It’s becoming more difficult to go on days out as the cold weather creeps in. But somehow this page has to be filled.
I tried to muster up the courage to take a train from Charlton to London Bridge for the theatre on Tuesday. The moment I stepped outside I was slapped in the face by hail and sleet. That put an end to that idea.
As I sat in our cold flat, waiting for the heating to turn on for the 45 minute blast we have budgeted, my roommate said: “If the mountain won’t come to Muhammad, then Muhammad must go to the mountain.”
Some interpret this ancient phrase to mean that you have to accept that sometimes your will cannot overcome some obstacles.
Does this mean I should accept the fact that the summer has gone, no matter how much it hurts, and that I will be spending more cold lonely nights in Charlton from now on?
No. The problem Muhammad had, was that he didn’t have the internet to help him move the mountain.
I searched Google for “ways to entertain yourself in your house”. By-passing a few of the less PG suggestions, I stumbled upon a new app/website called Bard.
Instead of going to the theatre, travelling to a gig or taking your partner to see some comedy – the performers come to you. In a couple of clicks I had ordered Shakespearean actor extraordinaire Peter Taylor for the following day.
His biography on the website said: “Shakespeare has influenced my life and values more than any other writer. I love to share my passion by performing, reading and talking about his speeches and his sonnets.”
Then, unless Peter likes to refer to himself in the third person, an unknown reviewer takes over the description saying: “A true master of the theatre, Peter will create a performance you won’t forget in a long time.”
Sounds like as a good a way as any to spend a wintery Wednesday night. So there I was with my three flatmates, a couple of ragtag friends I’d managed to coax in at the last minute and a smiling wiry-haired Peter.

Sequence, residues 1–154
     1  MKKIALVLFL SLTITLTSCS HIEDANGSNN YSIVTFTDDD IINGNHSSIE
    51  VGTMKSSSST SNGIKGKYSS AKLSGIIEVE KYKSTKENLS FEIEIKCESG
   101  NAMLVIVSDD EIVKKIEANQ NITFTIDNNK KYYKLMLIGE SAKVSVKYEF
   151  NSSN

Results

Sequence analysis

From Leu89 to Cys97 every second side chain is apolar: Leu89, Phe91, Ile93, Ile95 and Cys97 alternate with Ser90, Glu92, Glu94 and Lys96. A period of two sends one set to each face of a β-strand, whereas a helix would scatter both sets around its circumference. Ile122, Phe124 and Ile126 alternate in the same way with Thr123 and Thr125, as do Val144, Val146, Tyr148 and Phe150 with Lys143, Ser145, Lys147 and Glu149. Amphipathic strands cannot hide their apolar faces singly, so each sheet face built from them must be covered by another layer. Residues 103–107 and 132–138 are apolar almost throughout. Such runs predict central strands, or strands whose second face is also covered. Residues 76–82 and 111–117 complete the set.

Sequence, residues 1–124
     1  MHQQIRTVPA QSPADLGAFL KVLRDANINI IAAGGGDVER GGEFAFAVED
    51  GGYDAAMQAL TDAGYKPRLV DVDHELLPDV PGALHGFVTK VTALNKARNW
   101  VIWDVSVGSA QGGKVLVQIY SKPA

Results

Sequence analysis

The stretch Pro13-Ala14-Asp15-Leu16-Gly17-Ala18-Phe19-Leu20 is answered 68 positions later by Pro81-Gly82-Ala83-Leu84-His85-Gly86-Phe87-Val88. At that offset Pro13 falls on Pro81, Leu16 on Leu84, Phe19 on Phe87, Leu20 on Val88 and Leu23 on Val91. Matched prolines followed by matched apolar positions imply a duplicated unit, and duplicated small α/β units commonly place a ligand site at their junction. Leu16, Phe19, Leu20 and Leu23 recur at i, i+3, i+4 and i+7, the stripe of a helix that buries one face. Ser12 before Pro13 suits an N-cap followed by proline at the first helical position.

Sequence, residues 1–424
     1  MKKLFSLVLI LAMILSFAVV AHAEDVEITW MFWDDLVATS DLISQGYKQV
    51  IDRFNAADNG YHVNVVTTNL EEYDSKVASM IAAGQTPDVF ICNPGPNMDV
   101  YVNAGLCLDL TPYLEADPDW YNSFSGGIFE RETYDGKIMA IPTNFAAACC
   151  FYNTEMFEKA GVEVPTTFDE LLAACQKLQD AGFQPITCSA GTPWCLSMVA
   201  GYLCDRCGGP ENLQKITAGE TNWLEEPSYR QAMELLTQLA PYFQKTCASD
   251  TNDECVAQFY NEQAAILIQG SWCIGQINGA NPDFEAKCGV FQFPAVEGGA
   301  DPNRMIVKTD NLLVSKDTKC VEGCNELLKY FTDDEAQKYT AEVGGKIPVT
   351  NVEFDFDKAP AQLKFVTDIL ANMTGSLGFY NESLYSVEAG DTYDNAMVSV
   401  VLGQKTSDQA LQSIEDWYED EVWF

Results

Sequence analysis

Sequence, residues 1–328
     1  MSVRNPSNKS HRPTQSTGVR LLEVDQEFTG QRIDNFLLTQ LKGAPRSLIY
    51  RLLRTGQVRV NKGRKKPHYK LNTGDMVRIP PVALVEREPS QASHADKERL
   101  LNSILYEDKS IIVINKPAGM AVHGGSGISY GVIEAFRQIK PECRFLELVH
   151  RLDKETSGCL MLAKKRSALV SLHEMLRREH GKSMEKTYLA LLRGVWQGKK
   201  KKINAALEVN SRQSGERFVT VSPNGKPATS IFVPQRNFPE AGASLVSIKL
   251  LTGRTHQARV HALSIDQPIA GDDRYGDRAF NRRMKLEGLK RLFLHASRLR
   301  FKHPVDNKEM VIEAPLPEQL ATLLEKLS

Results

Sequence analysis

“I am an eternal child,” the 60-something-year-old said, before he told us the most incredible background story.
He had been working in theatre for decades. He was an anecdote jukebox. Pop in a question and a story of some magical period of his life came out, whether that was finding romance with a budding starlet, going on wild nights with Ian McKellen or directing a dramatic performance in the open air Minack Theatre in Cornwall – a theatre that is carved out of the coastline rock.
Now, here he was talking to a bunch of gormless 20-somethings in Charlton. For Peter it didn’t matter.
He performed like we were an audience of 2,000 in the West End. His act consisted of a selection of speeches from Shakespeare’s canon. He would set the scene before he started, telling us what was happening, why it was significant and a bit of the history around it.
Then his head would drop and his eyes closed like he was going into a trance. When he slowly lifted his head again, he would have transformed into Hamlet, or King Lear or Macbeth.
As I have referenced in a previous Days Out, I find it difficult to fully concentrate and understand Shakespeare plays when I see them at the theatre.
Peter’s bitesize performances were far more amenable to my short attention span.
After every speech he drew us into a discussion. It was expertly done.
Peter was booked for 30 minutes, but he ended up staying much longer. It was a much more dynamic experience than a regular theatre show.
We got an insight into the world behind the stage and how the actors approach their parts.
As Shakespeare writes in As You Like It: “All the world’s a stage, And all the men and women merely players.”
For a moment, our little house felt like an amphitheatre.
To find out more about the Bard, go to www.bard-app.co.uk
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